What’s the Difference Between Mayonnaise and Aïoli?
You’ve seen mayonnaise and aïoli on menus and in the condiments aisle; the terms often used interchangeably, or in fun and funky flavor pairings like “Basil Mayonnaise” or “Lime-Sriracha Aïoli.” But what’s the real difference between the two classic, creamy condiments? Here’s the breakdown—and why it’s so worth it to ditch the bottled stuff and make your own at home.
Basic, classic mayo comes down to a few main ingredients: oil, egg yolks, an acid—usually lemon juice or some kind of vinegar—and salt. It’s all beaten together, either whisking by hand or with an electric beater until it’s completely emulsified and pale yellow or off-white. Simple enough, right? There’s only one tricky part of making mayo at home; because the oil and water-based liquids in the egg don’t like to mix (think back to elementary school science), the oil needs to be added very slowly to prevent the mixture from splitting—we’re talking drop by drop as you get started whisking, according to Larousse Gastronomique.
- There’s some serious historical beef about whether mayo was invented in Spain or France, but it really took off in the US in the mid-19th century as a tasty, creamy way to hide flaws in veggies—think mayonnaise-drenched potato and tomato salads, or a classic Waldorf salad.
- Homemade mayo has a much shorter shelf life compared to the jarred stuff, usually lasting only three to four days, according to The New Food Lover’s Companion. But the consistency and flavor (not to mention that prepared, processed mayonnaise often uses fillers and thickeners, such as food starch and cellulose gel, to maintain the texture) makes the effort of whipping out that electric mixer at home worth it. Ready to give it a try? This simple recipe is a good one to start with. Once you’ve mastered it, you can try your own riffs, like stirring in some Sriracha to make your own spicy mayo.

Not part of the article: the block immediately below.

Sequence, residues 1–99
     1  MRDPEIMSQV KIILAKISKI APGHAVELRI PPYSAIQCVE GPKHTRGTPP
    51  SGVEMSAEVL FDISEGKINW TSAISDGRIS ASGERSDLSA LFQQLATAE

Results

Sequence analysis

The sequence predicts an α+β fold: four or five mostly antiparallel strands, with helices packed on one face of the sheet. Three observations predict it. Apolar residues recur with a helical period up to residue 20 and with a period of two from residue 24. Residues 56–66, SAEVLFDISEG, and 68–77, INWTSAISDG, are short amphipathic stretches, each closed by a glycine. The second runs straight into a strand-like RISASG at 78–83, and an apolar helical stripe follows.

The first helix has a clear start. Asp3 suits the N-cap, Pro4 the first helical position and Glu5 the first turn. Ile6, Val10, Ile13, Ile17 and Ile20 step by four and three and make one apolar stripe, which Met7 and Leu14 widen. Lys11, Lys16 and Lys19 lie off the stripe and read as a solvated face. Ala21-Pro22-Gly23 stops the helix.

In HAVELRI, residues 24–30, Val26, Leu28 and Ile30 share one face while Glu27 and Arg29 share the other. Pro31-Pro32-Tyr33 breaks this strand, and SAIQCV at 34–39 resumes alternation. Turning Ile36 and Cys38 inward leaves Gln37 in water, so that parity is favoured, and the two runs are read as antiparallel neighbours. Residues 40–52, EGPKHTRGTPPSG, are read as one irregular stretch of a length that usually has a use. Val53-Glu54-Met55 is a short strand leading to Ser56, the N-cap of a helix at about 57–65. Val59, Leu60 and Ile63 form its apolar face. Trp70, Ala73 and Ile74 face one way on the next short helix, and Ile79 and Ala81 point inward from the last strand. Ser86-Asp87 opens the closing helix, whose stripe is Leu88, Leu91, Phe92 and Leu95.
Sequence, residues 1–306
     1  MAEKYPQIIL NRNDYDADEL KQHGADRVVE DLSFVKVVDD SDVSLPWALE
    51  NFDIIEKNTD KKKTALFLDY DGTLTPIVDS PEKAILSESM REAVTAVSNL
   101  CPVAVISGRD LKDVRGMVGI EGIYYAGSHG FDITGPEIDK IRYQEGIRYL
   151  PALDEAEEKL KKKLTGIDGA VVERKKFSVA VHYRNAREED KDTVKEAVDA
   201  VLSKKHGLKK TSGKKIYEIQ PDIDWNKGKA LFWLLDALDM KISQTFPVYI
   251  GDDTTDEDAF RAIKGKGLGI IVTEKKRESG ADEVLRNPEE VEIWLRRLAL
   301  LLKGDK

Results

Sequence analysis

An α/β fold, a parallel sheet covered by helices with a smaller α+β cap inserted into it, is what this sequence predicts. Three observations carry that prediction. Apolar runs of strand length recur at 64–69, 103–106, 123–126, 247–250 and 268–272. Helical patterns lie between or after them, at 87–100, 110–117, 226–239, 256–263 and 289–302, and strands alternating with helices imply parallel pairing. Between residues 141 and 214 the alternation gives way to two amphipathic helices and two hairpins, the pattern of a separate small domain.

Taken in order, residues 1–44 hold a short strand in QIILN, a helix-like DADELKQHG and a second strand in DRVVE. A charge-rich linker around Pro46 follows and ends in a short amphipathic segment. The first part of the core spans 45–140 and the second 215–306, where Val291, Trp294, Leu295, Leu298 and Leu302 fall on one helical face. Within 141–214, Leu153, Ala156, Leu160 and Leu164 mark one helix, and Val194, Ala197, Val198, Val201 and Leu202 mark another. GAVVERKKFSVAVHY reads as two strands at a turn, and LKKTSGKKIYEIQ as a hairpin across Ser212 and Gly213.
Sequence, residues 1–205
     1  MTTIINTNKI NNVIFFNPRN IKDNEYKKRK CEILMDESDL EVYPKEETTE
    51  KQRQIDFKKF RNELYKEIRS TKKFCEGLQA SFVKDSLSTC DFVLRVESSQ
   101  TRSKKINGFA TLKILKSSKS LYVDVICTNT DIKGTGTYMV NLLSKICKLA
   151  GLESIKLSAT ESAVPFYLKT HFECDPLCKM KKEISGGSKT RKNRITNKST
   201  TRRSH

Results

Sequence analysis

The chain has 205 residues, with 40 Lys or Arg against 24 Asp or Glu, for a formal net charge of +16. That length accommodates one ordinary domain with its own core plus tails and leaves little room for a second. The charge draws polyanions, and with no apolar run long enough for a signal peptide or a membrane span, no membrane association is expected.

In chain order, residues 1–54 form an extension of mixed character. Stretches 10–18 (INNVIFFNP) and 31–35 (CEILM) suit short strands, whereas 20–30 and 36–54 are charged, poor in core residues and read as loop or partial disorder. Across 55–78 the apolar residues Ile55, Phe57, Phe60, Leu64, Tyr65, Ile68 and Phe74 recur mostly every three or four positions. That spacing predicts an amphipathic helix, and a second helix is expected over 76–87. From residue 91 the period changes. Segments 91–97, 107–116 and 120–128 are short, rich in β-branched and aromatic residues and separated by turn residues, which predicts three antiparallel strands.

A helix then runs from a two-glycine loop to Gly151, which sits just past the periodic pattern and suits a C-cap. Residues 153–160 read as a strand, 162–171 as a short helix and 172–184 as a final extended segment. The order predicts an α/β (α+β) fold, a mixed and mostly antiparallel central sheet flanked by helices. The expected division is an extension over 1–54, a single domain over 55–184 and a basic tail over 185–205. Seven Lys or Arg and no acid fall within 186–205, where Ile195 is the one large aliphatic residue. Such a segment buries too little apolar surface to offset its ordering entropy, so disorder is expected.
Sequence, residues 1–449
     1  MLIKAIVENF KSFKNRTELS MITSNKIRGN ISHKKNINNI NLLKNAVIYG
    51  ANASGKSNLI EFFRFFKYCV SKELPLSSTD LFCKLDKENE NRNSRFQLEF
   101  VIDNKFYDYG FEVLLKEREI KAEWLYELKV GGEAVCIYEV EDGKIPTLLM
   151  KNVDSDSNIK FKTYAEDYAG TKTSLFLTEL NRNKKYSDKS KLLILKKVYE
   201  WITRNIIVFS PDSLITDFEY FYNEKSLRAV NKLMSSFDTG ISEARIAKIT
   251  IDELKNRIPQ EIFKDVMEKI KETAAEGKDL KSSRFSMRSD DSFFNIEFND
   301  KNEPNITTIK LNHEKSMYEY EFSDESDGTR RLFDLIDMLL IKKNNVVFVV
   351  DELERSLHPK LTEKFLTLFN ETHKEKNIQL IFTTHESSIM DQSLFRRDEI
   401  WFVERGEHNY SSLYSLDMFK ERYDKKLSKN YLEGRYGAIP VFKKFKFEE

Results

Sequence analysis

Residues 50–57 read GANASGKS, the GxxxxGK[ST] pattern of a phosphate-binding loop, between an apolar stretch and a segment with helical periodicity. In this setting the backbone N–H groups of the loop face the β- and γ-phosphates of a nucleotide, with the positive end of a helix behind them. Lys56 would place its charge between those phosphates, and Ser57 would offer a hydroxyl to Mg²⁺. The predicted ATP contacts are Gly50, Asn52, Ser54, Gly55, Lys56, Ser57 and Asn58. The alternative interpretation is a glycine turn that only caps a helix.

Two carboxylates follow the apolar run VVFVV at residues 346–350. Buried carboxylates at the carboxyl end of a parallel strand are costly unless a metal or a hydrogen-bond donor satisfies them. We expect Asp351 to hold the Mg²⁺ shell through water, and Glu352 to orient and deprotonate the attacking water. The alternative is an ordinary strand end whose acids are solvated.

- Aïoli sounds fancier than good ol’ mayo, but it’s not that much more complicated. It consists of the same basic combination of oil, egg yolks, and acid, with the addition of raw garlic (pounded with a mortar and pestle if you’re fancy) for a pungent kick that goes so well with fish, meat, and vegetables like artichokes—though some preparations may include a small amount of mashed boiled potato to help bulk it up, according to Larousse Gastronomique. Aïoli originates in the Provence region of France, and it gets its name from ail, which means garlic, and oli, the local dialect for oil.
- If you want to feel like a pro chef in your own kitchen, try your hand at this Classic Aïoli recipe next time you’re roasting artichokes or planning a fancy seafood dinner for guests. And while some may argue that “true” aïoli is strictly flavored with garlic only, we’re not opposed to mixing it up with fun additions such as Saffron Aïoli, Smoked Paprika Aïoli, or Roasted Garlic-Balsamic Aïoli.
So, at its core, both classic mayo and aïoli are very similar, with the exception of garlic—it all comes down to your personal preference. Either way, once you make your own at home, you won’t go back to the jarred stuff.